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Introducing a New Pet to an Old Pet

It is easier to get two young animals to live in harmony as they will grow up together, however with a bit of time and patience (it may take up to 6-7 weeks) a young kitten or puppy can be introduced to an older pet.

Your old pet should be exposed to as many new situations, visitors and pets as possible. This will help them to adapt to any new pets in the house.

If you are getting your new pet from a shelter then you should ask the staff about its behaviour towards other animals; does it have a history of aggression toward other animals?

When your new pet arrives it will be very tempting to spend a great deal of time with it, perhaps at the expense of your old pet. You should lavish praise and attention on your old pet to avoid any jealousy issues, which can occur. When you are dealing with a puppy and an adult dog, you should resist the temptation to be overprotective of the young dog. If the adult reprimands the puppy try not to interfere, this will upset the normal household hierarchy and may lead the older animal to use excess force in the future.

You should allow the old pet to eat and sleep where it always has so there are no territorial problems. The new pet should be given it's own area.

It is best to keep the new pet in a room on it's own for the first couple of weeks (preferably with a wipe clean floor in case of accidents). This will allow the old pet to sniff around the door and get used to the idea that there is something else in the house.

You should not feed the two pets together (you may be able to do this in time) as this can evoke fighting over food; they should also have their own dishes. In a multi-cat household they should each have their own litter tray.

After a couple of weeks you can try swapping the situations over. Let the new pet roam the house for a couple of hours a day and put the old pet in the isolated room, this will allow them both to get used to each other's smell. This stage may take weeks.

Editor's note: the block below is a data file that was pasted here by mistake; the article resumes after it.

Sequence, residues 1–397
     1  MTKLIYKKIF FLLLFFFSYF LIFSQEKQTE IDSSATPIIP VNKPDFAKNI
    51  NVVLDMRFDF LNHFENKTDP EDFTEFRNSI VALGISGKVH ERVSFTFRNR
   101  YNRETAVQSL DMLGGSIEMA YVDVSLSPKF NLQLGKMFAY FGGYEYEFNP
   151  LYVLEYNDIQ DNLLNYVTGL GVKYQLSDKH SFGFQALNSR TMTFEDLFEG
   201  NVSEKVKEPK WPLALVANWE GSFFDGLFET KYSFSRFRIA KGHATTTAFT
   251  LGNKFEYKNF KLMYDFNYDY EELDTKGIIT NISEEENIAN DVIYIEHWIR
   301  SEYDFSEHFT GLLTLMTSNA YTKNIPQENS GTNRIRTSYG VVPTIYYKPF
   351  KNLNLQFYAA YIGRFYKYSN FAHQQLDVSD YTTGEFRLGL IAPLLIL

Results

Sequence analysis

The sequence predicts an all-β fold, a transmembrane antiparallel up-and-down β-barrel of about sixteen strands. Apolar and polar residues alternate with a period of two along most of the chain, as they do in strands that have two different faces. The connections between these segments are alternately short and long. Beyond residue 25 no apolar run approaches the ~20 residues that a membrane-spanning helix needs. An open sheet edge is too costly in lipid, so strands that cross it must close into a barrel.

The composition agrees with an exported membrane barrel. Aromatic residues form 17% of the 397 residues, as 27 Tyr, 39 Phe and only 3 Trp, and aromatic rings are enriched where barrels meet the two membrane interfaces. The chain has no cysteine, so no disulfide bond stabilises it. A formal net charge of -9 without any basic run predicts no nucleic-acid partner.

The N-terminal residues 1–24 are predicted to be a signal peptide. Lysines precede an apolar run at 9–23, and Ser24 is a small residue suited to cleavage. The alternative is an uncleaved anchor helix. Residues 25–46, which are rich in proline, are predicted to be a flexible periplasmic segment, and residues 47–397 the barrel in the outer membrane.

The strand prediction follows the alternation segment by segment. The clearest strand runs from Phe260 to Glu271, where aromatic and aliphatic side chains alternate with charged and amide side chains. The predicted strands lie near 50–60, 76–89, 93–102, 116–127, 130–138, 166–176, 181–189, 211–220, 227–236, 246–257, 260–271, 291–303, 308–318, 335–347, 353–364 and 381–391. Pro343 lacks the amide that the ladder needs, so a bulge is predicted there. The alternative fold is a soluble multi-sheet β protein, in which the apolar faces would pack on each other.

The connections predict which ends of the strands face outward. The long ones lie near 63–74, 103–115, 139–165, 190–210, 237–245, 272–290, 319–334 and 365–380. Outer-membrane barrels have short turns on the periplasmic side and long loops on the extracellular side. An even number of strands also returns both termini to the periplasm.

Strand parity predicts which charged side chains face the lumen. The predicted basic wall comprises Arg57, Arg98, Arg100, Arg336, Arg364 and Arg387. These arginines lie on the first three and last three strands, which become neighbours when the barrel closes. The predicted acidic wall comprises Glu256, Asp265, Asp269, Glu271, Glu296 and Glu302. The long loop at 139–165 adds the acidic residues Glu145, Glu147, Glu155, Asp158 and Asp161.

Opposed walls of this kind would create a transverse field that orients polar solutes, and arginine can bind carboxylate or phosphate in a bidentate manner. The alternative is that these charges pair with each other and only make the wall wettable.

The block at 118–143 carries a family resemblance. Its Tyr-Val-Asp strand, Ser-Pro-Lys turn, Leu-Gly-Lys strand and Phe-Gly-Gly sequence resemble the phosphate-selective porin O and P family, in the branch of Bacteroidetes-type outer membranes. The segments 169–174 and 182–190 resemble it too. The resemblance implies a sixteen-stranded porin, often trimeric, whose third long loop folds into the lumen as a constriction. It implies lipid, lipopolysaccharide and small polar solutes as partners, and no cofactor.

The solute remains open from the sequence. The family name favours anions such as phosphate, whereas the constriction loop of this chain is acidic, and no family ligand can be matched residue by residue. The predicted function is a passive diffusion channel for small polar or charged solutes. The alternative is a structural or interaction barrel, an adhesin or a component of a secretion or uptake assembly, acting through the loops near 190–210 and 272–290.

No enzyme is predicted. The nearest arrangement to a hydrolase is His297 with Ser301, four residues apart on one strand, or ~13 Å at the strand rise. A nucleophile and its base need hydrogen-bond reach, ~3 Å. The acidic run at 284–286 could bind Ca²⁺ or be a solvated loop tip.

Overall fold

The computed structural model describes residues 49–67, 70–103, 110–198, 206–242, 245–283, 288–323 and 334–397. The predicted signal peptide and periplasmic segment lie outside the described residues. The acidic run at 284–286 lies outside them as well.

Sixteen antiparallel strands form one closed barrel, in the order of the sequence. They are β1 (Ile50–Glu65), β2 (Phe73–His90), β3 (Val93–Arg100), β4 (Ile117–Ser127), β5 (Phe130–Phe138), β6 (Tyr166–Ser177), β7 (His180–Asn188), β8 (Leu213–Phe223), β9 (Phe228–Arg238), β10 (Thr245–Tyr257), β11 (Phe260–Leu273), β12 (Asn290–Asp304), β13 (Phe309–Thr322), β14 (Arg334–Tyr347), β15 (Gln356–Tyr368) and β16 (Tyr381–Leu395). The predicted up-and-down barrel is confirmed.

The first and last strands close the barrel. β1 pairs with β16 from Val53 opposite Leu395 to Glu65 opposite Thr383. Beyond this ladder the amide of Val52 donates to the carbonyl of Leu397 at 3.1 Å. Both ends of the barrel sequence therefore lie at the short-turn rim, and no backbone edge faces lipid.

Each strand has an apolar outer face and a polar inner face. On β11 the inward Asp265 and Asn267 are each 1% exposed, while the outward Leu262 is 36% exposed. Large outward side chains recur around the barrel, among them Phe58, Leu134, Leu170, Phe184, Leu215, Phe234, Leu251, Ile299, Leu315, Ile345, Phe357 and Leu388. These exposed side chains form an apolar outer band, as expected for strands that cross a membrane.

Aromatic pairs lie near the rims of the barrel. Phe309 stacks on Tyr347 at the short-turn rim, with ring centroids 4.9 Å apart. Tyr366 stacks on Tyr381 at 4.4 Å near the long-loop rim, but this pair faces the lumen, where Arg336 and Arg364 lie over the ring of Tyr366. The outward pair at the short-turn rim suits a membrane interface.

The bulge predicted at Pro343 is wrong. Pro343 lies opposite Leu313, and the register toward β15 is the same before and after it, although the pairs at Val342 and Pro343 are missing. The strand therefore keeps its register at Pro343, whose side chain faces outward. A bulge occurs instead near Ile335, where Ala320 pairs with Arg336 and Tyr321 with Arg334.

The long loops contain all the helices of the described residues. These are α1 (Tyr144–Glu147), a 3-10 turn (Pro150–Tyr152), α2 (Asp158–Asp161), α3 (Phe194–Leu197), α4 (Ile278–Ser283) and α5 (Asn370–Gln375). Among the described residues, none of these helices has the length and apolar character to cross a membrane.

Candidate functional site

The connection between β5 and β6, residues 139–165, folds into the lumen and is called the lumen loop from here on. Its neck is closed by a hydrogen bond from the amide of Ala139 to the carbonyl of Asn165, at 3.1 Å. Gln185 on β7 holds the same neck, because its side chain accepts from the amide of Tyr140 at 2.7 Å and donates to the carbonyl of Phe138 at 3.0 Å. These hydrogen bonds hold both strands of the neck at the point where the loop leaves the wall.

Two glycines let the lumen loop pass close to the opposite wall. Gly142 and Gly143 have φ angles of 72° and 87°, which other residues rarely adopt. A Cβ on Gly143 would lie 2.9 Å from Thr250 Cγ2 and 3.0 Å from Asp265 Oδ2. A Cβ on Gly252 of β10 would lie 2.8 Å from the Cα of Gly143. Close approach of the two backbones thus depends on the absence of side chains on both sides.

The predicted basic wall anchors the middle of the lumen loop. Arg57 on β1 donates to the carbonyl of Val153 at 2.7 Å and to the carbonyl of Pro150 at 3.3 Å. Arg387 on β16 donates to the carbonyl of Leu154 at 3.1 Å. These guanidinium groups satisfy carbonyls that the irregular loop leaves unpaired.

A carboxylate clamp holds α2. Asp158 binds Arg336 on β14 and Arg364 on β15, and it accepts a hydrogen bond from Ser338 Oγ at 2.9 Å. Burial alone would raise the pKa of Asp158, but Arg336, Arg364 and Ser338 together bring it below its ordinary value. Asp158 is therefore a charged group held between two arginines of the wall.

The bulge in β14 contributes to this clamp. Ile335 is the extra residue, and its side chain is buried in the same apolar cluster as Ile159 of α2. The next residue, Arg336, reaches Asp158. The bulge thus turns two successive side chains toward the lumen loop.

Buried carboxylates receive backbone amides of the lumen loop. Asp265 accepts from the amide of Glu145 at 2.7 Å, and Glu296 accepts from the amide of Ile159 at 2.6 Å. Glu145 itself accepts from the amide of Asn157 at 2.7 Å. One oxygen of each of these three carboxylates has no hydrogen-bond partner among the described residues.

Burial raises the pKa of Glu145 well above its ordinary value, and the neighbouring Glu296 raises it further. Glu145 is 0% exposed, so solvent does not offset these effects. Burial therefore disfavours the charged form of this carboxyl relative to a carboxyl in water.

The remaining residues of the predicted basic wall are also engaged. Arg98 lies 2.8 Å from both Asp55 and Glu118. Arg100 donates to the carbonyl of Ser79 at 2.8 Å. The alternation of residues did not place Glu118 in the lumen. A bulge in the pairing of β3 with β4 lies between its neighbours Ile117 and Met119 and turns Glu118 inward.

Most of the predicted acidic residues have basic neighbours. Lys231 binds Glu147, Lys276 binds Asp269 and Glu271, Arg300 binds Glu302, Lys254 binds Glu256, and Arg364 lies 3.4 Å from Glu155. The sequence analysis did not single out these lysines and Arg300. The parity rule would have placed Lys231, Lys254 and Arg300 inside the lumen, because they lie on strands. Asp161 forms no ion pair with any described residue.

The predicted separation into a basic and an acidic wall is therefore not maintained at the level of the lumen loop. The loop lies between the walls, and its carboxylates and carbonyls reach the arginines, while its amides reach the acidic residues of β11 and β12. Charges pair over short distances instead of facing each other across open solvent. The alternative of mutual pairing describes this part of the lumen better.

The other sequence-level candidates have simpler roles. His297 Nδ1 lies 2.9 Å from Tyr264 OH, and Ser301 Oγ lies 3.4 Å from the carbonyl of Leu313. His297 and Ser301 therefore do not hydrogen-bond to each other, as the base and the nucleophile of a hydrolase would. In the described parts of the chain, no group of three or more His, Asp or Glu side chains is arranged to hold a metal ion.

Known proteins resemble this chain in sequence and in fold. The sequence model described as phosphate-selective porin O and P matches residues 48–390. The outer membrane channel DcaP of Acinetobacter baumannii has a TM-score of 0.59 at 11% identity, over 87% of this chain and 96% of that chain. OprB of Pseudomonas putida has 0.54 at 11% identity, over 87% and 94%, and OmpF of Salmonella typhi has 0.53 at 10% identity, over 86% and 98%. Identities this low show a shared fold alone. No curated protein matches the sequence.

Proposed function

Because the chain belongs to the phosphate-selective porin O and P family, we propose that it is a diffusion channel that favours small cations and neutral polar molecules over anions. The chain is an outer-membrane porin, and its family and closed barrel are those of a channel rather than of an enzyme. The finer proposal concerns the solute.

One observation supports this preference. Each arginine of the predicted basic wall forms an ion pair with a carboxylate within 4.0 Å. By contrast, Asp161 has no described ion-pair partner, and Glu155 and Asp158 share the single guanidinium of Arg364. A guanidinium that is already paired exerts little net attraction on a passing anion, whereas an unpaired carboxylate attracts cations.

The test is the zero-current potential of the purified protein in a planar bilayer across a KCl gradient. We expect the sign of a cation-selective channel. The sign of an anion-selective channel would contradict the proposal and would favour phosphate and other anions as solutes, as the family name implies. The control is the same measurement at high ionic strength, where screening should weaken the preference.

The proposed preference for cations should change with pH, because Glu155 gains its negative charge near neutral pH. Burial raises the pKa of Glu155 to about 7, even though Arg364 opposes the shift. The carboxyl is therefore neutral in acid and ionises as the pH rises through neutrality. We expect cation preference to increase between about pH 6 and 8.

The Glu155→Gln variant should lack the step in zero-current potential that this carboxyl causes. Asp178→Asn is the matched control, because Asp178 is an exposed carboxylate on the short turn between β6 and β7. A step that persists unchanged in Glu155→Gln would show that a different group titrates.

Next, you are ready to let the pets see each other. Either you can use a technique such as a baby gate (although if you are introducing cats or large dogs they may leap over this) or you can try putting the new pet into a carrier cage and let the old pet sniff around it (you should never leave the pets unattended like this). Alternatively, if there are two of you, one person can hold the old pet and one can hold the new pet.

Once you are happy with the last stage the two pets can be allowed free to interact with each other. If the animals begin to fight this can indicate that the introduction is proceeding too quickly and you should go back a stage before trying again. If a fight occurs, the animals should be left to fully relax again before further contact between them is attempted.

Never leave your pets alone together until you are confident that they will not fight in your absence.

Ceva Animal Health Ltd produce a DAP (Dog Appeasing Pheromone) diffuser, which release pheromones (similar to those released by the mother to her puppies), which help to relieve stress.
They also produce a Feliway diffuser for stress in cats, both of these may help when introducing new pets. The DAP and Feliway diffuser can be obtained through your vet or by contacting Ceva Animal Health Ltd on 01494 781510
Dogs - This article has been reproduced courtesy of Burns Pet Nutrition

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